But this breadth of design flexibility is not offered by systems integrators. Closely aligned with specific equipment manufacturers whose systems they routinely specify, systems integrators typically specify only a limited number of manufacturers' equipment lines.

A systems integrator that has been retained by a company's executive team will standardly present several system options. Because the integrator is using a limited universe of equipment manufacturers, the DC's executives will be presented with design choices relative to what those manufacturers produce. Other system possibilities will most likely not make it to the executive planning table to be reviewed.

Because systems integrators carve out a niche in specific industries, they are limited in bringing solutions relative to a particular industry to the table. The designs presented are typically modified stock designs that have been used many times over in other DCs. But, these stock system choices presented may not be the best material handling options or the most cost-efficient for the needs of the DC being planned.

The capability for objectivity can be further limited with the equipment bidding process. Because the breadth of manufacturers associated with the systems integrator does not include other possible relevant systems, when the bidding process is instituted it is inherently not representative of a realistically competent universe of manufacturers.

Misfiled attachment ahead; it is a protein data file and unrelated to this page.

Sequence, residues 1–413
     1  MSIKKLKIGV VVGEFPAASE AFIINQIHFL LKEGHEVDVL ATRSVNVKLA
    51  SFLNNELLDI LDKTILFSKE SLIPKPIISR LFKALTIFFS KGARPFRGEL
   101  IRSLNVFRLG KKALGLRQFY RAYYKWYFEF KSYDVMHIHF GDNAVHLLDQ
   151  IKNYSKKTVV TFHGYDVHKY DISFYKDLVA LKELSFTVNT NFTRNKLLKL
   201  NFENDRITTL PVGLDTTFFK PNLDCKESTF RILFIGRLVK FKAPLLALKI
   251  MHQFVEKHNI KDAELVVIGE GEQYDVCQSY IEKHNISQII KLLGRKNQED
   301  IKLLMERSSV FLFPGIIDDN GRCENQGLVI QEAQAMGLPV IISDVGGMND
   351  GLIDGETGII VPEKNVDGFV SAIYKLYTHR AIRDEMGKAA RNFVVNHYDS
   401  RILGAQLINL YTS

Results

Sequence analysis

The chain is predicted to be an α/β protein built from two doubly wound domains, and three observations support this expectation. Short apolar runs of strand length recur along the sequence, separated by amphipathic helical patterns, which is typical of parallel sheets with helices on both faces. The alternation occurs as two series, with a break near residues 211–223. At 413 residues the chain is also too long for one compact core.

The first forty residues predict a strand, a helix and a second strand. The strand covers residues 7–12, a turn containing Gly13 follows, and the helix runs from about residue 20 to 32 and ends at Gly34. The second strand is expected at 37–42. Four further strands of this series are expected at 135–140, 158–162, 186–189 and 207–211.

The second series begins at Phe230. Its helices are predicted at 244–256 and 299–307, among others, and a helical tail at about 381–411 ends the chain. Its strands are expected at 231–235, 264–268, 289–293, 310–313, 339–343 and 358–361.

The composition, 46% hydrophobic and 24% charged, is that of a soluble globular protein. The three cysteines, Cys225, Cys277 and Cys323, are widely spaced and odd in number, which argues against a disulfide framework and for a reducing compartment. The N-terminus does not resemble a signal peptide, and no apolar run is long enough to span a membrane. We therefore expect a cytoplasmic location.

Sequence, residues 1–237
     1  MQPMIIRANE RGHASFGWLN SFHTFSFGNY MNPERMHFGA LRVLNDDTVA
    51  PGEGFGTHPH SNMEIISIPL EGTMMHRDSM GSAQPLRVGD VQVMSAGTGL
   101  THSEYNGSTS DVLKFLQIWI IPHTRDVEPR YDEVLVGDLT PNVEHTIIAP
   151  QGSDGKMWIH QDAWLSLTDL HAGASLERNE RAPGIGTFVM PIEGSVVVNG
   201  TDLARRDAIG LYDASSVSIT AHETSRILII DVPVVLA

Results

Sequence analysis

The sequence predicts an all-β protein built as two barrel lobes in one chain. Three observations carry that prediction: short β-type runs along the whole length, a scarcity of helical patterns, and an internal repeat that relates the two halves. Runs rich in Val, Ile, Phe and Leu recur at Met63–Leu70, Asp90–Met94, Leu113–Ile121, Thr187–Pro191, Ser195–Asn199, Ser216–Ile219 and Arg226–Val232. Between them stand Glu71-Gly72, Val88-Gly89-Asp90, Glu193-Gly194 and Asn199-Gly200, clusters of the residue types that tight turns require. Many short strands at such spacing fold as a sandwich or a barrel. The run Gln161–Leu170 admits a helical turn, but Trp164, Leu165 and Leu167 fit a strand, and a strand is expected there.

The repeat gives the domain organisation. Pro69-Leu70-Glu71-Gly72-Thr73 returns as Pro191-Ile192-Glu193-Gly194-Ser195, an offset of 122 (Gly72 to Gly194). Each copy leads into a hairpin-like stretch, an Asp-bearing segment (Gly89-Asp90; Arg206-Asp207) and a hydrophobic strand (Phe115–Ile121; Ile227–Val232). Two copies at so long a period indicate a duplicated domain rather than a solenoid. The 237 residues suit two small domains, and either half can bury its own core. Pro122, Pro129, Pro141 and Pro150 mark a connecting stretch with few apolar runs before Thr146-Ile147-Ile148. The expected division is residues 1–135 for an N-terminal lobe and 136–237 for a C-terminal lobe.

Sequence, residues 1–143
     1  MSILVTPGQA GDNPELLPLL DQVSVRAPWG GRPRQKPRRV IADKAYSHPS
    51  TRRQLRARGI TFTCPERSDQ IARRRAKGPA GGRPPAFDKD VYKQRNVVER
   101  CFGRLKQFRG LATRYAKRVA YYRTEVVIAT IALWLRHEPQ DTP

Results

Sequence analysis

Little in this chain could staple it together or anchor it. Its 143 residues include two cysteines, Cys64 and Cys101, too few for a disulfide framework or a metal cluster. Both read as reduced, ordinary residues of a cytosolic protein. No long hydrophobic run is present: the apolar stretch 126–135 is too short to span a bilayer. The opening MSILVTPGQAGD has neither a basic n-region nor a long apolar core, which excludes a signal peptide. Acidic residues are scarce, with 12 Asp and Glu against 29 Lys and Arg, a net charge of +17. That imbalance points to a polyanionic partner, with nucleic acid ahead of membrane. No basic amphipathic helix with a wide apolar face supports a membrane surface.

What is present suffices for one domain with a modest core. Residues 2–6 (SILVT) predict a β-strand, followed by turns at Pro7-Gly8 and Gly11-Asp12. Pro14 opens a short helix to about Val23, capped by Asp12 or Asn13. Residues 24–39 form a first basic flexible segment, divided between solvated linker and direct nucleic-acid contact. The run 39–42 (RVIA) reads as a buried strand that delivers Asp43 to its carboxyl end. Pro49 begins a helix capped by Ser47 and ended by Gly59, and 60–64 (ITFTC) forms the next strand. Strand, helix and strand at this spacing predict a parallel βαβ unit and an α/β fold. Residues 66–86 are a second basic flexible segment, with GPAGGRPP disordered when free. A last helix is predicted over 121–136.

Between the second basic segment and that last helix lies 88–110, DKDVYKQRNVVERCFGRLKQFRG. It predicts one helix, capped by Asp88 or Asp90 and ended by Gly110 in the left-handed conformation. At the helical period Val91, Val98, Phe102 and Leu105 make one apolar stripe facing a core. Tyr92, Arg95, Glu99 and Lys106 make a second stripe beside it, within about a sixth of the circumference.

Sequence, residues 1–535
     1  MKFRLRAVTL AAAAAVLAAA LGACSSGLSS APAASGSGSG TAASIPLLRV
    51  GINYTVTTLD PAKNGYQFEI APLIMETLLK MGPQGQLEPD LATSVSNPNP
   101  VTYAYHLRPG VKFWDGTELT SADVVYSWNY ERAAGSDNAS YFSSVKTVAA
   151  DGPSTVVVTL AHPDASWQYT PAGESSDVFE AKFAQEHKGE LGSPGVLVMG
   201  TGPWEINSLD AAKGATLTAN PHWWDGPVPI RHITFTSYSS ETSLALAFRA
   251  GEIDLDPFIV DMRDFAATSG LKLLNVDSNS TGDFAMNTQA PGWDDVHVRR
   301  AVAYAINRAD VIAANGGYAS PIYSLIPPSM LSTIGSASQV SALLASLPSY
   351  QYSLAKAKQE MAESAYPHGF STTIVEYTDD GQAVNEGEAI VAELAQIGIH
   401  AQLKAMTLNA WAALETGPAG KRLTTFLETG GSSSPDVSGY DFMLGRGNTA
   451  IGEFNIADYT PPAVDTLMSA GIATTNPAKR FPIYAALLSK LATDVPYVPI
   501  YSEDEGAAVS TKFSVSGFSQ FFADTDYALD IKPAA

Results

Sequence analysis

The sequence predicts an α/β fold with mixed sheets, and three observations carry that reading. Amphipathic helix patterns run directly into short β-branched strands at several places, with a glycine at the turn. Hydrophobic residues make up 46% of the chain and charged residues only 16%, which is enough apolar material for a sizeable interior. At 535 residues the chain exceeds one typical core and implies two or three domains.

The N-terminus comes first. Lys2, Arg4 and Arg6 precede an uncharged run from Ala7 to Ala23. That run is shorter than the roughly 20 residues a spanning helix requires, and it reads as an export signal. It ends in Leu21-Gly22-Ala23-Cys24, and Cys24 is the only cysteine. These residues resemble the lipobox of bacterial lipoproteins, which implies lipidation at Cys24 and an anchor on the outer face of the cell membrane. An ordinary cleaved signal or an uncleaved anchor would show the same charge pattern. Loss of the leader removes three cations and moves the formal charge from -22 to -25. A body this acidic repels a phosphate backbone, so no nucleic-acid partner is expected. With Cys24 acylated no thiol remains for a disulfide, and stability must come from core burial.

Objectivity of system design without the constraint of single-source limitations is the best guarantee that the optimum material handling systems will be put in place to achieve the operational and financial needs of the new distribution center.

Focus on the Level of Automation
Designing a DC from an automation focus delineates a significant difference in how systems integrators and independent logistics consultants approach distribution solutions.

Too many supply chain executives make the fundamental mistake of thinking that technology should be the basis and starting point of their distribution solution. Where, in fact, thorough conceptual design aimed at process improvement should be the central aspect of any solution, rather than focusing on the material handling equipment.

Given the massive influx of new technology information flooding the distribution market, it is no wonder why logistics executives jump first to technology as the solution to their throughput issues. They are influenced by what they see in other facilities, what they read and what they hear from equipment manufacturers.

But supply chain executives are also considerably influenced by systems integrators, who are key contributors in pushing automation as a first option. Systems integrators rely on equipment sales and implementation as a central focus of their solutions and revenue. These solutions are centered on their preferred technologies and based on limited conceptual designs revolving around these usually capital-intensive systems. Consequently, systems integrators' solutions may not be the best fit or the most cost-efficient options for their clients' needs.